I can think of one possible explanation why things seem not to be moving. If attorney time is diverted to doing the senior attorney decisions, there will be less attorney time that can be devoted to writing decisions for Administrative Law Judges, creating a backlog there. In other words, the senior attorney program may not amount to much until more attorneys are hired and trained, because otherwise the agency is just borrowing from Peter to pay Paul and will get little if any boost in productivity.

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  • Sep 13, 2007

    Senate Finance Committee Schedules Hearing

    The Senate Finance Committee has scheduled a hearing for September 20 at 10:00 a.m. on the subject "Frozen Out: A Review of Bank Treatment of Social Security Benefits. Witnesses will be named later.

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  • The Last To Admit Defeat

    From U.S. News and World Report:
    President Bush's main architect charged with reforming Social Security [Treasury Secretary Henry Paulson] today sounded resigned to moving forward on small changes both Republicans and Democrats can agree on instead of the massive program once envisioned by the White House. ...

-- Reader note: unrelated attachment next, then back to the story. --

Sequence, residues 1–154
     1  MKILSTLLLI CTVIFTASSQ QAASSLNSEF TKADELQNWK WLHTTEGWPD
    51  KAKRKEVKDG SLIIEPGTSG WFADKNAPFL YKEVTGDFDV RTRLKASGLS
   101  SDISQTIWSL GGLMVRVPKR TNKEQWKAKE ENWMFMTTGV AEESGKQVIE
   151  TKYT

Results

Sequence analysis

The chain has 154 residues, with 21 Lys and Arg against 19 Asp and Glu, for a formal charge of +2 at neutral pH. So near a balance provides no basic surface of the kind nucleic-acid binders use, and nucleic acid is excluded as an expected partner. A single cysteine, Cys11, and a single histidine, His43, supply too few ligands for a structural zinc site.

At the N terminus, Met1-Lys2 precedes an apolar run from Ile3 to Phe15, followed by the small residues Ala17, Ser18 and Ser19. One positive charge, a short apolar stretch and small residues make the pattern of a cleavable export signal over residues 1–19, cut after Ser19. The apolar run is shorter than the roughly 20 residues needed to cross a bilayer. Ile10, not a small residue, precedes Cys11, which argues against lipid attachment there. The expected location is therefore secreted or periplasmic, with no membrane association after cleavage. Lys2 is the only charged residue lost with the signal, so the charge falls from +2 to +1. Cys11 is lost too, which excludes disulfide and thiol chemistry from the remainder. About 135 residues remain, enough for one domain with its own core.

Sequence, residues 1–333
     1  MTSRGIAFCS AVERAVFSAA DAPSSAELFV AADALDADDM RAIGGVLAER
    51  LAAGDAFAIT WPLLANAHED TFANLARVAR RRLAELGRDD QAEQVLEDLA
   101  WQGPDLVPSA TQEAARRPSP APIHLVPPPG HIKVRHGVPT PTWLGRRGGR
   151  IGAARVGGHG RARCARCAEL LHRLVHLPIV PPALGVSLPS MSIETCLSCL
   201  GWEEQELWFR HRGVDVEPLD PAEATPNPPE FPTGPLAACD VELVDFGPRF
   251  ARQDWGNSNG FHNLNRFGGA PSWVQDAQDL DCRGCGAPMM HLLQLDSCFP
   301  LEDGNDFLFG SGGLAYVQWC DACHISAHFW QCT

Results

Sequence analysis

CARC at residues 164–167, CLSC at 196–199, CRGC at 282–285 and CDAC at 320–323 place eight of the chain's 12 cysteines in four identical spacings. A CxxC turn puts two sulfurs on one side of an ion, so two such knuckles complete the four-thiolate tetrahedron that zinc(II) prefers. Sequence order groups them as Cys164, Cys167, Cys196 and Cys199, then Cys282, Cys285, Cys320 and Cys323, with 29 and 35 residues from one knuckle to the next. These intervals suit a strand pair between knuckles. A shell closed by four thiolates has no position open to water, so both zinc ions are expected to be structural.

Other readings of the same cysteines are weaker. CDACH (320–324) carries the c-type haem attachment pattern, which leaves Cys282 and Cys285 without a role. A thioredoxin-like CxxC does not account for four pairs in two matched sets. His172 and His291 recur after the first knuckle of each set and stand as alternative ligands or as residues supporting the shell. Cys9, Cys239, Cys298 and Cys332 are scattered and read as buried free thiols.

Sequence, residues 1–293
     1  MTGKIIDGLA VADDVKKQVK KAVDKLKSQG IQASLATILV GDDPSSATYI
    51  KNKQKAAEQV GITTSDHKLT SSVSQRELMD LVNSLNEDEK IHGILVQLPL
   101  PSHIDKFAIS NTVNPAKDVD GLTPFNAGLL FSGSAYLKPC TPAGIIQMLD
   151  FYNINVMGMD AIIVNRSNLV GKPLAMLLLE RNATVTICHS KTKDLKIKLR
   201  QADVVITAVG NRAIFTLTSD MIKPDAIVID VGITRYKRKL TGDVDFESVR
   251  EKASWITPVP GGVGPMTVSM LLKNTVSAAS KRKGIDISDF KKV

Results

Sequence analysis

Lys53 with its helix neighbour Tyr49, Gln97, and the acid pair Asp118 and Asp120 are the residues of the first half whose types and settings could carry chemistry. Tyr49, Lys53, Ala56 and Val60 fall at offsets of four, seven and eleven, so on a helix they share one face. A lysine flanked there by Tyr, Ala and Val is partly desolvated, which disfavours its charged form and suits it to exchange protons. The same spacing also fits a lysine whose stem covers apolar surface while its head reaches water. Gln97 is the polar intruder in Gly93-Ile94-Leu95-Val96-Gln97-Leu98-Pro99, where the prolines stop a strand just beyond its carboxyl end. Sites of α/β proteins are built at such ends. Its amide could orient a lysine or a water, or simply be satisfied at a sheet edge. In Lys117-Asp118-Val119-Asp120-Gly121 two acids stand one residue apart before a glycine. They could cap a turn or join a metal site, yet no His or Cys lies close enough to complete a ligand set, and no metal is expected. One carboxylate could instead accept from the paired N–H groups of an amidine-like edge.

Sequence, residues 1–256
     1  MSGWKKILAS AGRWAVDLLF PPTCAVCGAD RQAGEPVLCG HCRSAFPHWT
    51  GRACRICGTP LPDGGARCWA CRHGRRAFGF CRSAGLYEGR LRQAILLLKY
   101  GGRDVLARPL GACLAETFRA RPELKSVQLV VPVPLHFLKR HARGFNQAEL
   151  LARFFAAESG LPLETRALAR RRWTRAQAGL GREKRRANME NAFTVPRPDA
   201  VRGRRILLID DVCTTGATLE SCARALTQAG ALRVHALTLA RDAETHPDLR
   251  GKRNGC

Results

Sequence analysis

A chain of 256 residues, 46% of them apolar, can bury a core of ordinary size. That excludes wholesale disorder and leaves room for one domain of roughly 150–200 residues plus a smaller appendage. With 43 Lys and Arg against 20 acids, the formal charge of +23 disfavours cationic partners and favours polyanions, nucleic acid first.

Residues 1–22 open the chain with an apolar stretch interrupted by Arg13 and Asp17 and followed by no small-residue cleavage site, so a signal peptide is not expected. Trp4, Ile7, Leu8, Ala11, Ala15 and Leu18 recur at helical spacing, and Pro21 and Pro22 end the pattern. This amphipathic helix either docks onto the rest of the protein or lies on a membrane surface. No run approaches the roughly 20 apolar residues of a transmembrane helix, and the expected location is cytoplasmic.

"I'm not naive; I'm not going to tilt at windmills," he says, explaining why he isn't pushing for a new debate on massive, Bush-styled reform. Paulson described himself as a lonely soldier in the effort to battle for Social Security reform, one of the major issues he came to Washington to work on. He said that he has been encouraging ideas from all sides, but so far, "I've been playing solitaire."

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  • Sep 12, 2007

    Social Security Employment Level

    The numbers are in from the Office of Personnel Management for the number of employees at Social Security as of June 2007. Here is the number and how it compares with other dates.

    June 2007 62,530
    March 2007 61,867
    December 2006 63,410
    September 2006 63,647
    September 2005 66,147
    September 2004 65,258
    September 2003 64,903
    September 2002 64,648
    September 2001 65,377
    September 2000 64,521
    September 1999 63,957
    September 1998 65,629